Title: Hello, I Must Be Going
Author: Dyan Sheldon
Publisher: Walker Books
Genre: Young adult/teen, Contemporary, fantasy – supernatural
Book format: Paperback
Sweet Strawberries: Sweet StrawberrySweet StrawberrySweet StrawberrySweet Strawberry

Description: Sorrel had just turned eighteen when she was hit by a car.  The day ofher funeral, almost all of those gathered at the graveside are wiping away tears.
The one person who isn’t crying – who hasn’t shed a single tear since the accident – is Sorrel herself.  She stands several yards away and watches her three closest friends – Celeste, Orlando and Ruben – a thoughtful expression on her face.
DEAD DOESN’T ALWAYS MEAN GONE.

*Free copy provided by publisher for review…

Review: This was a fun read with a brilliant message about staying true to who you are. Celeste, Ruben and Orlando have just been to the funeral of their best friend Sorrel, who was hit by a car after turning eighteen. The three of them miss their friend, and slowly get used to living their lives without Sorrel. But are they really living their lives? Sorrel doesn’t think so, and she’s determined to fix their lives for the better, before she truly moves on.

I enjoyed this book which was easy and quick to get into. It is told in the third person and begins with the funeral of Sorrel, before moving onto alternating between the three friends. Each chapter is told from the point of view of one of the three: Celeste, Ruben or Orlando, but still remains in the third person. Each of the teens has problems of their own, specifically parental problems. Celeste’s mother wants her to follow the path she’s chosen for her, Orlando’s father is very tough on him, and Rueben’s mother has problems which make it hard for Ruben to lead a normal life. The three of them struggle to cope but then a ghost Sorrel shows up, determined to fix them, and she has quite a lot to say for someone who is dead.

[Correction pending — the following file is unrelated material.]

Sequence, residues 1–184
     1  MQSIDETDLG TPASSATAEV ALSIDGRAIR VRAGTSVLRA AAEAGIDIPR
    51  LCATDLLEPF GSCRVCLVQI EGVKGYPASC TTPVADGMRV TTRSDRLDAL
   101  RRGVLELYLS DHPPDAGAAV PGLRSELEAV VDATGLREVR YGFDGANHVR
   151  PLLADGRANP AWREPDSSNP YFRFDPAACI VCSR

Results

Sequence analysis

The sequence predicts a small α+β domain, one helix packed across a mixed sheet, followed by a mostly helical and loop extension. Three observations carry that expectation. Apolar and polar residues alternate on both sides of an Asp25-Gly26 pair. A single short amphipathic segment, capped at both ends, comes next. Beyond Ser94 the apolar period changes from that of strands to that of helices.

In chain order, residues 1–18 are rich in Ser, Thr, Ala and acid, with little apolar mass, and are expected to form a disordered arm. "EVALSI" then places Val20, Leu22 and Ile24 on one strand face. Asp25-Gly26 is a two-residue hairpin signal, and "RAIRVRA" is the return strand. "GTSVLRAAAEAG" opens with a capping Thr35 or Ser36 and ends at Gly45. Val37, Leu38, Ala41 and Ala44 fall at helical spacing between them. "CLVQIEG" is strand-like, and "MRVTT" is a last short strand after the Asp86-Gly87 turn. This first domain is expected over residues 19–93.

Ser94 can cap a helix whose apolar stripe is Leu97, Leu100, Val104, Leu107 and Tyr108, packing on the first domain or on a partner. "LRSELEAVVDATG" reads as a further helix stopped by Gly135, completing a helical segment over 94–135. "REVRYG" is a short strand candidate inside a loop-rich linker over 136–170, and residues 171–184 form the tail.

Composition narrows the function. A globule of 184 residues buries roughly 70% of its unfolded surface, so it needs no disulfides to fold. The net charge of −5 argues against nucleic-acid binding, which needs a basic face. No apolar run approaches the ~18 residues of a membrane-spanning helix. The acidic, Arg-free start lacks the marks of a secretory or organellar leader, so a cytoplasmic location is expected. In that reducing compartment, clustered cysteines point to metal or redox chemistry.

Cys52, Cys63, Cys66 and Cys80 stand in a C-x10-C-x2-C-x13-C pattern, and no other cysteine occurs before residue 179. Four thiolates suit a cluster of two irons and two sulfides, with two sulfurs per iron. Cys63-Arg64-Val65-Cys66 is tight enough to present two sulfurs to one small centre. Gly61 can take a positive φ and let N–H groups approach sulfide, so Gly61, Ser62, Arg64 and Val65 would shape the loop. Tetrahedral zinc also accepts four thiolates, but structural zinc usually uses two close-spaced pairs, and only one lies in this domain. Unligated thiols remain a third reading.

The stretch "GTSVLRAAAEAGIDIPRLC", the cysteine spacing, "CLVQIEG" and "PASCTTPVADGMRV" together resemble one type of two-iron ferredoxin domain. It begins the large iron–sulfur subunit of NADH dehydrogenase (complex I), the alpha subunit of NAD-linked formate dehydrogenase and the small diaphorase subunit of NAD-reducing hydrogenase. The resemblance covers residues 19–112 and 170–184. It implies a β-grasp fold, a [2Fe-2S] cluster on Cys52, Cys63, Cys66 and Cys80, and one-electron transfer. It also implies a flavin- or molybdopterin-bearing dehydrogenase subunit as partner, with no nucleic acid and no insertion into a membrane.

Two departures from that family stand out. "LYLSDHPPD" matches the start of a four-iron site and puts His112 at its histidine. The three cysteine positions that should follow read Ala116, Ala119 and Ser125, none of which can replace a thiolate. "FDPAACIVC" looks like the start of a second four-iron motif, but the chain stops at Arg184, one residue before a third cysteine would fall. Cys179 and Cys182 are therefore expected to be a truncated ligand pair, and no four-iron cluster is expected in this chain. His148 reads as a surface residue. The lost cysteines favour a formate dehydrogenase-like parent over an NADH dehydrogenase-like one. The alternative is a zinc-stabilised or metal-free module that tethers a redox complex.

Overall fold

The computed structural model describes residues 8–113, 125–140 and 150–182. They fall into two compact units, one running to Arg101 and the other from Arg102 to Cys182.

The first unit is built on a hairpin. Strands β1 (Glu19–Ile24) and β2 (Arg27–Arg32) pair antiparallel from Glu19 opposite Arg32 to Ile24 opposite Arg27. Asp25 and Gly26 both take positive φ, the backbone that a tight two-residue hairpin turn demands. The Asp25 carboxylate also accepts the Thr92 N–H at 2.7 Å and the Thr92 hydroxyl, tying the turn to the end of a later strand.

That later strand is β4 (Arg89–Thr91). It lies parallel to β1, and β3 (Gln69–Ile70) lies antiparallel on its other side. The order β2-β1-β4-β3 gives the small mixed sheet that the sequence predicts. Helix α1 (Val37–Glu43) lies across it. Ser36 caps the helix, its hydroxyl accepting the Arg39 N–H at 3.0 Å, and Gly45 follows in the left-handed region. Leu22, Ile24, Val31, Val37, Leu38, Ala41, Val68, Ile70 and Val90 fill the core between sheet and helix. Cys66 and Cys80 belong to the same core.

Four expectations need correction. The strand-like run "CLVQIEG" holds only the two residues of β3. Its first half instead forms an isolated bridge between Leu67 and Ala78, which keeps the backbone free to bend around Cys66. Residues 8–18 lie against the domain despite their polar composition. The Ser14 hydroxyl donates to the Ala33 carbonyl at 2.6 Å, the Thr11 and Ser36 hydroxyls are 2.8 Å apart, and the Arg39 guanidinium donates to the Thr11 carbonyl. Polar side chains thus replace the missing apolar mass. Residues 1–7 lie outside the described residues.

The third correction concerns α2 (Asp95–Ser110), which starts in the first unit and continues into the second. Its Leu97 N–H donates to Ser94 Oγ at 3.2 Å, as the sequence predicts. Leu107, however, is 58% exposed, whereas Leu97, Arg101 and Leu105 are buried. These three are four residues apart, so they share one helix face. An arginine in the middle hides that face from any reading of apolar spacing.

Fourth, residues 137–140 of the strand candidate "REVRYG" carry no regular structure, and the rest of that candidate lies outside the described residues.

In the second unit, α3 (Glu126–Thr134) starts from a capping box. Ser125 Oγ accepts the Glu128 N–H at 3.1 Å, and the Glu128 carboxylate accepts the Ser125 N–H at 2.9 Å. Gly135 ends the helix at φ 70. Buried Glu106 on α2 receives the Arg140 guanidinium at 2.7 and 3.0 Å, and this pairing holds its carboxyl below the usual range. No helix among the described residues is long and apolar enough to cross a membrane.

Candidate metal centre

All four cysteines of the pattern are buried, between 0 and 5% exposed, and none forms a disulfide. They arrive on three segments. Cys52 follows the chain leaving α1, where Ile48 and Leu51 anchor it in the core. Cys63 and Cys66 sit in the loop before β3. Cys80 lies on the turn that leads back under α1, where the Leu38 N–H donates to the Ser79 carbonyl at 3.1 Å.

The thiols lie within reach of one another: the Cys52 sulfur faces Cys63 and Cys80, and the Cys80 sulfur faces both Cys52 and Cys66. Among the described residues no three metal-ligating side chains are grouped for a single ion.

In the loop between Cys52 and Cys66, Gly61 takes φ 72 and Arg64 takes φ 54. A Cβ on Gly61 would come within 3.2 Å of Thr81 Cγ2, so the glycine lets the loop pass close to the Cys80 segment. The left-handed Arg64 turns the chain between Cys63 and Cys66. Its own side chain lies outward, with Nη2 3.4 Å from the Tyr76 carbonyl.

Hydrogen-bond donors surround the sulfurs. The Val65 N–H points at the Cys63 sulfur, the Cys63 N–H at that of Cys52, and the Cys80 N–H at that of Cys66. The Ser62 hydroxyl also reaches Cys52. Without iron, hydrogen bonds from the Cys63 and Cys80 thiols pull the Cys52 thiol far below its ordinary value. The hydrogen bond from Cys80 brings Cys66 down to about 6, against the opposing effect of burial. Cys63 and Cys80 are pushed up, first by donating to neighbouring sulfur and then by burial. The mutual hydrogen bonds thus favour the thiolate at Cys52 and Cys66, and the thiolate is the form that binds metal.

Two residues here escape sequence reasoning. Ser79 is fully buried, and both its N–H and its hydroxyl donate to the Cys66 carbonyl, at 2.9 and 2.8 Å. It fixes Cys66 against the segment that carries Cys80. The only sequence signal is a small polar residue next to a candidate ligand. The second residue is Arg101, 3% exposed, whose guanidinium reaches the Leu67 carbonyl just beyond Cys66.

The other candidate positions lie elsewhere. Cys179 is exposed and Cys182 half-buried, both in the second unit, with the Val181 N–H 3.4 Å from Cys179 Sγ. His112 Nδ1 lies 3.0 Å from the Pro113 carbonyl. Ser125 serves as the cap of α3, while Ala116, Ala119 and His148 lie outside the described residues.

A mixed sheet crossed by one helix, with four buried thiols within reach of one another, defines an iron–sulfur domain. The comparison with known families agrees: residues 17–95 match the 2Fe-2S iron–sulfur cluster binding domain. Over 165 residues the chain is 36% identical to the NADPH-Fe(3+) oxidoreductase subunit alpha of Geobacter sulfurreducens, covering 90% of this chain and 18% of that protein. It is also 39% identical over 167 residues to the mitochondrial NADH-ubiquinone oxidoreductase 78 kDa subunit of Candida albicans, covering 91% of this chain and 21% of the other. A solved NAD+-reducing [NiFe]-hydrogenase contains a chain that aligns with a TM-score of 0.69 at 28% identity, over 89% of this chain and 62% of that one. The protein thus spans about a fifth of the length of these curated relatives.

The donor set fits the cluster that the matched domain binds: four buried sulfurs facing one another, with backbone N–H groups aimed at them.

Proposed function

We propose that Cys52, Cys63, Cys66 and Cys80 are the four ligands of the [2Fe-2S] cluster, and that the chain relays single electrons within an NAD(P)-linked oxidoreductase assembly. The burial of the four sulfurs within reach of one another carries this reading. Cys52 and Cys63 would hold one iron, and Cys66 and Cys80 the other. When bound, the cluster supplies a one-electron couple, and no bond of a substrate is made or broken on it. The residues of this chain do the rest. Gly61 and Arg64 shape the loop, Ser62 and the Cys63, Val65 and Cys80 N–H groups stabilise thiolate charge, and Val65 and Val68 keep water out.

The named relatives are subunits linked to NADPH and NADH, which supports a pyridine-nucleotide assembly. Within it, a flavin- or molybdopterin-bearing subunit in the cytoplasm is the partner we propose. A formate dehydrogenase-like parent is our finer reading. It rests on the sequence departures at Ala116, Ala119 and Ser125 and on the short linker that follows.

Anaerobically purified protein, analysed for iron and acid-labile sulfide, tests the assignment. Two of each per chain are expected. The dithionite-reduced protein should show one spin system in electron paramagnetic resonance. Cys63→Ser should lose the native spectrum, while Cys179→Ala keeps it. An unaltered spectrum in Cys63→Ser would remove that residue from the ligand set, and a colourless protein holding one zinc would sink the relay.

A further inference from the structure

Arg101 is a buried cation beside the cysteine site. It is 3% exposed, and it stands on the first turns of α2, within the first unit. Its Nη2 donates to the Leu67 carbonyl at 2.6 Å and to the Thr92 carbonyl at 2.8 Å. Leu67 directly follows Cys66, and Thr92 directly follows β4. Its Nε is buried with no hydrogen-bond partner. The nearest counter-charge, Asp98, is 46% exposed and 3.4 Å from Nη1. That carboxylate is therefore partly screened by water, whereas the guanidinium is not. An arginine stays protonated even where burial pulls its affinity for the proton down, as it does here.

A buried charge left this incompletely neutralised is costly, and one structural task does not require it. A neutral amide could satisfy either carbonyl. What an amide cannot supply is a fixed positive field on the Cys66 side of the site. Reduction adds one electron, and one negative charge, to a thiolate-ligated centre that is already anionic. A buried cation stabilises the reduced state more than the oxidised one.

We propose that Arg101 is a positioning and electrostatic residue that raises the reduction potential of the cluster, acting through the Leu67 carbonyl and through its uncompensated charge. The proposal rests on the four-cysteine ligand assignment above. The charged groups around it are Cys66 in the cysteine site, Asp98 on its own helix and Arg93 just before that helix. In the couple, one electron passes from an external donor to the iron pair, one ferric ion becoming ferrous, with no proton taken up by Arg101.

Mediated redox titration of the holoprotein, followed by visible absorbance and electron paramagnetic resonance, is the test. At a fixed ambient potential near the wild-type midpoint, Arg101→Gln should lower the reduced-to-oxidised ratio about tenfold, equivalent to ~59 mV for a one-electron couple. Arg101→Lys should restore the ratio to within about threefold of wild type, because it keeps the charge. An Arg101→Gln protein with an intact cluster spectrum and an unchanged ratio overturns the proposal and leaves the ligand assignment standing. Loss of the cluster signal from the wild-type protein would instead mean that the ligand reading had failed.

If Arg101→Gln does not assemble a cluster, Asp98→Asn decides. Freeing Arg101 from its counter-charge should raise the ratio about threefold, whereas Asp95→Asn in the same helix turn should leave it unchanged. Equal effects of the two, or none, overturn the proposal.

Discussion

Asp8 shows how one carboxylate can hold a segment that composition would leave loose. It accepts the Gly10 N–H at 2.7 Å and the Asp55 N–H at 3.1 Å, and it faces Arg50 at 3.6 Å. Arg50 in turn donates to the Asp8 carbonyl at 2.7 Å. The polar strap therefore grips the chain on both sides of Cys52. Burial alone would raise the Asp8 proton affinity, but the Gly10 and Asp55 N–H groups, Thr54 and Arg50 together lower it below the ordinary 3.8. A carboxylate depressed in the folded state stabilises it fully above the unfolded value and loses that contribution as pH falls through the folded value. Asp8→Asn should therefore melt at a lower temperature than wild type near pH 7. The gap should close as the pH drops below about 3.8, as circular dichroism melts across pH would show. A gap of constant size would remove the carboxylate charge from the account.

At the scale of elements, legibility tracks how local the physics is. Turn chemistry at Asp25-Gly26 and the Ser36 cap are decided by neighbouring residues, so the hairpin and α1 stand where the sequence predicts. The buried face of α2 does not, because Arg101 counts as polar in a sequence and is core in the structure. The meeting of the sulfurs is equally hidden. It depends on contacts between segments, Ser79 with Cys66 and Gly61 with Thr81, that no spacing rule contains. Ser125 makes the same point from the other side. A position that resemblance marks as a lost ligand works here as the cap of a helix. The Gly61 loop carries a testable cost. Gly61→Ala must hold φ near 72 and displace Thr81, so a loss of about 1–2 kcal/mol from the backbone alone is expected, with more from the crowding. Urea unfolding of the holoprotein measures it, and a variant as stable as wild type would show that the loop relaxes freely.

I don’t want to give away more of the plot but the whole story is good. It wasn’t a dark or very tense or gripping novel but felt more like a light-hearted read, something easy to read and get into, however it still dealt with some very tough subjects and in particular, the issues around parents who want to force their children to follow the path they choose for them. Each of the three friends has their own story and I like the way that all three of them conclude nicely, and how everyone’s lives ultimately end up. The story of Sorrel is a good one, I do like stories featuring spirits and ghosts and this one is actually quite funny, with Sorrel being an interesting character, I especially liked her wardrobe choices and how she pushes each of the teens in the end.

The ending is a good and satisfying one, with the last line being a brilliant conclusion. There isn’t anything very dark in this book and there is only a few uses of the s swear word. I do wish there had been more on Sorrel’s story with her parents, maybe for her to have a satisfying conclusion to her own issue with them, but apart from that this was a good and complete book and the lack of Sorrel’s own story with her parents doesn’t take away from the story in this book. Although it wasn’t the most exciting read, it was still a very good one and I do think I’ll give this another read. I think any teen or older will enjoy the book, although I don’t think it will appeal to children as one reviewer has suggested, given the things that are happening and the fact the characters are around eighteen and nearly adults.

Overall a great book and with a really good message about following your own path, being who you are and not doing what others want you to do. For that message alone I really like this book, it’s a message I would have liked reading when I was younger.


Do you like this book?  Do you like stories with supernatural elements like this?  Let me know what you think in the comments below 🙂